Pensions Authority to investigate Irish investor losses in GPG collapse

Company formerly known as Dolphin Trust has taken €1.5bn from investors since 2008

The Irish Pensions Authority has confirmed that it is investigating potential "pension scheme trustee issues" in relation to the collapse of Hanover-based German Property Group (GPG), which resulted in 1,800 Irish investors losing as much as €107 million.

GPG, formerly known as Dolphin Trust, collapsed last year after taking €1.5 billion from investors in the Republic, the UK, Asia and elsewhere since it was set up by businessman Charles Smethurst in 2008. Mr Smethurst's home was raided by German police in March as part of an ongoing investigation into suspected investment fraud.

Irish investments were administered by Wealth Options Trustees Ltd (WOTL), based in Naas, Co Kildare. The investments were originally distributed in the Republic by a Cork-based company, Dolphin IG, through scores of brokers, who dealt with individual investors. WOTL took over distribution in addition to administration in mid-2018.

Special purpose vehicles

The Irish investments were channelled to the German group through two special purpose vehicles (SPVs), MUT 103 and Dolphin MUT 116, registered to the same address and each sharing the same directors as WOTL: Eanna McCloskey and Brian Flynn. A third director, Paul Dunne, died last October.


MUT 103, an investment vehicle for €41.3 million of retail savings, was put into liquidation in March, and Dolphin MUT 116, responsible for €65.8 million of pension savings, entered liquidation at the end of last month.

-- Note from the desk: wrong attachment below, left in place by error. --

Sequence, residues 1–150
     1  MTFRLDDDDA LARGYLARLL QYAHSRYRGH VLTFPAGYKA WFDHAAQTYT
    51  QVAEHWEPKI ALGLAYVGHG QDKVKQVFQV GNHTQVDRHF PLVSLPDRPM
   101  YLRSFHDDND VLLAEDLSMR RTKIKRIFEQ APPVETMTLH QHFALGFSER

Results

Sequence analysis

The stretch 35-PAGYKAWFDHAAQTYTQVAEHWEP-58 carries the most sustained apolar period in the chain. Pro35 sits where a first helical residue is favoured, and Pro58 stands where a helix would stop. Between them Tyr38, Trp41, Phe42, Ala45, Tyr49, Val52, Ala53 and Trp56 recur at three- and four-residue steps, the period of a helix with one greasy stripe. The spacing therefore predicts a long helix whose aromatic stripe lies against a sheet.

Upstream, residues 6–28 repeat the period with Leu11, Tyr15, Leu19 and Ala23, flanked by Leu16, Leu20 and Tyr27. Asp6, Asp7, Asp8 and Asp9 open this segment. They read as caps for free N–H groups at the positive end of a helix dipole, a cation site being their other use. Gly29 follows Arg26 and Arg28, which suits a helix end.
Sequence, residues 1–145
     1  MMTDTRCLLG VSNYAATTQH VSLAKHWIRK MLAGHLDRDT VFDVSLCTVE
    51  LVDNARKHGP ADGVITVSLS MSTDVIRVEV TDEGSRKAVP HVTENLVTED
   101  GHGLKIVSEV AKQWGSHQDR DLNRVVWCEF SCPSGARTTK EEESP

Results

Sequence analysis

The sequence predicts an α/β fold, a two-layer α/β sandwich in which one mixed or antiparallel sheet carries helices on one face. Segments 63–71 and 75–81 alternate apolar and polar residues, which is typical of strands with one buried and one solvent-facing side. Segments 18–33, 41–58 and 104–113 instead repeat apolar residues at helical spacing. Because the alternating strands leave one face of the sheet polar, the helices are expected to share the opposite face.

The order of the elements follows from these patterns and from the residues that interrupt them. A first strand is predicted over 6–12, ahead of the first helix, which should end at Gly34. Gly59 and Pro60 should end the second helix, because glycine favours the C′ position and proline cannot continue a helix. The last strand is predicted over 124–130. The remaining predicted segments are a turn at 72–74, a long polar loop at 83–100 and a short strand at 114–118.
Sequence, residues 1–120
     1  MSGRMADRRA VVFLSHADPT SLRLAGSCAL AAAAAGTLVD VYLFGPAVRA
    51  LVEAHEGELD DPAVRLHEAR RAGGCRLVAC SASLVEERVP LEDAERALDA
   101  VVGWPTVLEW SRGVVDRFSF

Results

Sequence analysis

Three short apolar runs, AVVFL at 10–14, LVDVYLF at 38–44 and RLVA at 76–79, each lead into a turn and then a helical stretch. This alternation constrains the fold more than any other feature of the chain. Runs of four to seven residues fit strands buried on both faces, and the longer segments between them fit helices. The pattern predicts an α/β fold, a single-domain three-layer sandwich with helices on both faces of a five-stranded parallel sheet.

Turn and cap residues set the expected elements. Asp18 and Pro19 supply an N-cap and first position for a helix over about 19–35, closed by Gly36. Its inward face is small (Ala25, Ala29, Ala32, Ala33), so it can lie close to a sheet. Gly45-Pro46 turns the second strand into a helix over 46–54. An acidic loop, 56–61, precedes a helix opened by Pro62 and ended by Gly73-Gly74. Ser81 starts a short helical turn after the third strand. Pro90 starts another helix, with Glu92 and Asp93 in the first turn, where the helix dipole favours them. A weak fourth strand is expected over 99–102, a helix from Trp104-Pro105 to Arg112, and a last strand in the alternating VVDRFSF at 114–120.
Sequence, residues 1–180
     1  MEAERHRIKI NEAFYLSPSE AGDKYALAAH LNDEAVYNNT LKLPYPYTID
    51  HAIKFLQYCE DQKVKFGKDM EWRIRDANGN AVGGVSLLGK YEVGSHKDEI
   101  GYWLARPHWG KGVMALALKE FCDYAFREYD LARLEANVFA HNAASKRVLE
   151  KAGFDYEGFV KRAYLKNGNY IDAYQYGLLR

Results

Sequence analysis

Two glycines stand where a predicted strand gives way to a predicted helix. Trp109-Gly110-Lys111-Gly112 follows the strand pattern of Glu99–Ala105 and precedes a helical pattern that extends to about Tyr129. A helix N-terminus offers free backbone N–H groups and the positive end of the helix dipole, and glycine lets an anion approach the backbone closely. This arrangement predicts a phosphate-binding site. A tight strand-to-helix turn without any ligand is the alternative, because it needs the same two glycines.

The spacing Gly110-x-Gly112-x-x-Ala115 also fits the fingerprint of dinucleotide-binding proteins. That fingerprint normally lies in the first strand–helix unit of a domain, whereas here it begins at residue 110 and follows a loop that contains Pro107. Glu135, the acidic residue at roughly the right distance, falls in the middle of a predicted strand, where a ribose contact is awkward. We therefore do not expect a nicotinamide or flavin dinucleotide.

The Pensions Authority only has authority to investigate WOTL, a Revenue-approved pensioner trustee, in relation to Dolphin MUT 116, the pensions vehicle.

“The authority is aware of this matter and is investigating if there are any pension scheme trustee duty issues of concern,” a spokesman for the organisation said.

The Daily Mail reported on Tuesday that the Pensions Authority was planning to go to court to take action against WOTL. The spokesman declined to comment, while WOTL did not respond to a request for comment.

When GPG collapsed last year it was sitting on 70 properties, mainly run-down and not developed, according to a report submitted to the Bremen bankruptcy court by a preliminary insolvency administrator, Gerrit Hoelzle, last October.

“The originally pursued business model collapsed years ago,” Mr Hoelzle said. “Obviously as a result of the increasing financial shortage, the business model, which was initially focused on real estate transactions, gradually developed into a pyramid scheme.”

Missed interest payments

When it first emerged in July 2019 that Dolphin Trust had missed interest payments in the UK, WOTL issued a letter to brokers highlighting how Irish investors were protected, saying it only passed on money to Germany "when we have security in place for a value in excess of the funds loaned".

When Dolphin Trust told WOTL in late 2019 it would miss interest payments due to Irish investors, the Naas-based firm hired a number of advisers, including law firm Dentons, to try to protect the interests of investors in the Republic.

Dentons' advice provided to the High Court in March said the GPG insolvency administrator believes that all of the loan claims of the Irish MUTs – which owe Irish investors €107 million – against the German group's companies are "subordinated and therefore the granted securities could be challenged".

The liquidation of GPG is expected to take years.

Joe Brennan

Joe Brennan

Joe Brennan is Markets Correspondent of The Irish Times